House and Senate Republicans will continue their campaign to restructure the Consumer Financial Protection Bureau next year, according to K&L Gates attorneys and policy experts.
And depending on how certain mortgage rules are written, Democrats and consumer groups might support a Dodd-Frank Act corrections bill. The landmark legislation passed in 2010 created the CFPB and mandated the issuance of mortgage rules to prevent risky lending practices.
K&L Gates partner Dan Crowley told reporters mid-week that Republicans want the CFPB to be supervised by a five-member commission instead of a single director.
“In the Senate, Republicans are going to hold up confirmations for other agencies until they are able to drive changes in the CFPB,” Crowley said. That could affect appointments to the Securities and Exchange Commission and the Treasury Department.
In the House, the new chairman of the Financial Services Committee, Rep. Jeb Hensarling, R-Texas, also wants to fix CFPB and give Congress control over the bureau’s budget. “Revisiting the structure of the CFPB is one of Hensarling’s top priorities,” Crowley said. (Currently, the CFPB is independently funded by the Federal Reserve Board.)
At the same time, mortgage industry and consumer groups are concerned that the CFPB might finalize a “narrow” Qualified Mortgage rule that could lead to tighter credit standards and put homeownership out of the reach of low- and moderate-income families.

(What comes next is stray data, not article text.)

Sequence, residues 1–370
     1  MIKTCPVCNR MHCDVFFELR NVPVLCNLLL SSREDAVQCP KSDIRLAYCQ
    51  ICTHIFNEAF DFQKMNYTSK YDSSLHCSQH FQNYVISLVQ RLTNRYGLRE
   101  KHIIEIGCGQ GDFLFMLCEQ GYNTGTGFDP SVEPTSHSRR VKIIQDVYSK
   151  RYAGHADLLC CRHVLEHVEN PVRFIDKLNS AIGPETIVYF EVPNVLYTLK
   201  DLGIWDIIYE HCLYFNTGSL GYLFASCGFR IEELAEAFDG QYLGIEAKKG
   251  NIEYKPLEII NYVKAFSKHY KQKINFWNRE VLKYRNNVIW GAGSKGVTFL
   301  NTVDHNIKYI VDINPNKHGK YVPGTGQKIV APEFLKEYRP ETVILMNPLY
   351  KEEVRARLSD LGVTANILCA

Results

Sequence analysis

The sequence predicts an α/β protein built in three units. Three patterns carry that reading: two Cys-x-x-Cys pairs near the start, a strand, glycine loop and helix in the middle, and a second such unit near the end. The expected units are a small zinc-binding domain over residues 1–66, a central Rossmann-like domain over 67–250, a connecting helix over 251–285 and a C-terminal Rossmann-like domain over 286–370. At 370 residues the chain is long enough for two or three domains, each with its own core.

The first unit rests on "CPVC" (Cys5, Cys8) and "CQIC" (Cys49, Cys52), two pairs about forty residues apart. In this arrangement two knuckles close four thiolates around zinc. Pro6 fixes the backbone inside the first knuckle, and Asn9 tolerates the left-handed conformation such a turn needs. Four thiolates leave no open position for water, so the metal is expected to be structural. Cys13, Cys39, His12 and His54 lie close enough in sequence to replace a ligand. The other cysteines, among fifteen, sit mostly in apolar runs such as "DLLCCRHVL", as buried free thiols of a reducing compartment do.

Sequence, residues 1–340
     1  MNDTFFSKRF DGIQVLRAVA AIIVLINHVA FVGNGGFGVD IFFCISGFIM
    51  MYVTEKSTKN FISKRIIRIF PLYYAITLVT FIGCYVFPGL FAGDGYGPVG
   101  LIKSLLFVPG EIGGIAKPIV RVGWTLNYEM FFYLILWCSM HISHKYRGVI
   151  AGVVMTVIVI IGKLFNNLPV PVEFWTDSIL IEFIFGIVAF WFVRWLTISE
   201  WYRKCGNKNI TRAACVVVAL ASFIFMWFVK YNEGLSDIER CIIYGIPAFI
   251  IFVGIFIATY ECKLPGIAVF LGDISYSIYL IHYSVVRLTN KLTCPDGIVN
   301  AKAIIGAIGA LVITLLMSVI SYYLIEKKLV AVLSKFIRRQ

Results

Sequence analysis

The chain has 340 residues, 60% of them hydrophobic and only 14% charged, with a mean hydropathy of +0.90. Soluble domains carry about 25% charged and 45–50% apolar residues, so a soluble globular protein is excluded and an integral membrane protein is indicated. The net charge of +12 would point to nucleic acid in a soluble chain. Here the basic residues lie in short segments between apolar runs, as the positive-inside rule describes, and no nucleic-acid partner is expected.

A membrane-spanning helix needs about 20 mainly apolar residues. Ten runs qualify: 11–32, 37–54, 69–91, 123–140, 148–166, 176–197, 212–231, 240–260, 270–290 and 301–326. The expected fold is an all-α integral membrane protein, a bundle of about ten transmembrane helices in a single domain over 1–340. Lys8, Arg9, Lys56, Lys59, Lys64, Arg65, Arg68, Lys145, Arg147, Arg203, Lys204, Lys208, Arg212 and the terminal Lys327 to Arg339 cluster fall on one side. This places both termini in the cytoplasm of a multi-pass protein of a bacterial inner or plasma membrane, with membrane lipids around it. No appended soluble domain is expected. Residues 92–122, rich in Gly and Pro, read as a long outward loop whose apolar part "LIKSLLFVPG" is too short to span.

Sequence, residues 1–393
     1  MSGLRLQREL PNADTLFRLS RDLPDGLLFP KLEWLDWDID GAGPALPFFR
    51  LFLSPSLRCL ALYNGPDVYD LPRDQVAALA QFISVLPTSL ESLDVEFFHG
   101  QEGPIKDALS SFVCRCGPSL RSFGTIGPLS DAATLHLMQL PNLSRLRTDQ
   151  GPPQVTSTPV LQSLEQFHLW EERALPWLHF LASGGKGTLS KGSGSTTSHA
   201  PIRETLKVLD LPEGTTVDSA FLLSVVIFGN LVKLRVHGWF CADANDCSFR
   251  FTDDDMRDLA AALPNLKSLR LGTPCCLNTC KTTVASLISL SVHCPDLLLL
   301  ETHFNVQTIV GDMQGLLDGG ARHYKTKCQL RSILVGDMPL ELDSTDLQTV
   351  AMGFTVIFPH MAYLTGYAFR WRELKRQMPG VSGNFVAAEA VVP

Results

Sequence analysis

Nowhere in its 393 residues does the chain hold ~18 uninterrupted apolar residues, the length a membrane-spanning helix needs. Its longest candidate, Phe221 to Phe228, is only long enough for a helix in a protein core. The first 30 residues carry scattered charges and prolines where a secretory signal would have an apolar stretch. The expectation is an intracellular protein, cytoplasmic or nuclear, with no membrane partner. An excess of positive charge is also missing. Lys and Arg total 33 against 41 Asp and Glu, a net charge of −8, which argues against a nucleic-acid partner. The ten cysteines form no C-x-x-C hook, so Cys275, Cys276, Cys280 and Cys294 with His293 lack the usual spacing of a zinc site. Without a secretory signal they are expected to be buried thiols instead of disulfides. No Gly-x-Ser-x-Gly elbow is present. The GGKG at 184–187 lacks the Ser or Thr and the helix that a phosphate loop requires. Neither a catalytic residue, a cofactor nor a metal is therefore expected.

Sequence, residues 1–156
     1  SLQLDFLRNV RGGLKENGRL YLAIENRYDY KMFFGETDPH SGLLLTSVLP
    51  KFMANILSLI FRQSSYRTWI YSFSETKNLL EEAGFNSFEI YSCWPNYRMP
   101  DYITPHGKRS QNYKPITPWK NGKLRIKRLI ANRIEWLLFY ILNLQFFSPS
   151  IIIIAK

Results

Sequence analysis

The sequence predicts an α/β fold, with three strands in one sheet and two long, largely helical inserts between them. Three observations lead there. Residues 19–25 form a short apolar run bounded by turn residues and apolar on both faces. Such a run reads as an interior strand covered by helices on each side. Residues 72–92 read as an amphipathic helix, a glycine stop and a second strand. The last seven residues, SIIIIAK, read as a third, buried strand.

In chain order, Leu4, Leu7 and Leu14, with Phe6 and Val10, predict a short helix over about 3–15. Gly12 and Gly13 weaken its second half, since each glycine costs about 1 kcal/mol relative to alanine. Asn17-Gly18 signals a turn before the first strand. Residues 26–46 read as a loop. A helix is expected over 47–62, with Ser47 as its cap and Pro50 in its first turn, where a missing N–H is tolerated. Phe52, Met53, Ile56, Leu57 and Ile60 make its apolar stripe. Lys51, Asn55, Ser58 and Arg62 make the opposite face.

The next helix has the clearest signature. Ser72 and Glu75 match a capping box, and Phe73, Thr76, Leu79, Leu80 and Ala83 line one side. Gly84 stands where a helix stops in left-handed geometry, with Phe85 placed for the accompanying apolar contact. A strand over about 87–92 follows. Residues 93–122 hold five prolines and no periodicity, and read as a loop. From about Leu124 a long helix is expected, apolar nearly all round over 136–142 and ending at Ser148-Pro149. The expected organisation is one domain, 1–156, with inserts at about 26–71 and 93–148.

K&L Gates partner Larry Platt said he believes that CFPB officials are still divided over the qualified mortgage rule, which will set the underwriting standards lenders must use to determine a borrower’s ability to repay the loan. QM loans will be shielded from litigation, other loans will not.
“Within the bureau, there is a battle going on between those who think they should fulfill the original statutory language” of the DFA, which would constrict mortgage credit, said Platt. He added that some bureau officials want a broader QM rule because credit standards in the marketplace are already too tight.
The CFPB is expected to issue the QM final rule later this month or early January.
Meanwhile, the U.S. courts are reviewing several lawsuits involving recess appointments made by President Obama, including one case challenging the recess appointment of Richard Cordray to be the first CFPB director.
K&L Gates policy expert Bruce Heiman expects the Supreme Court will review one of these recess appointment cases and issue an opinion. It is one of those issues “that they just love getting into,” Heiman said.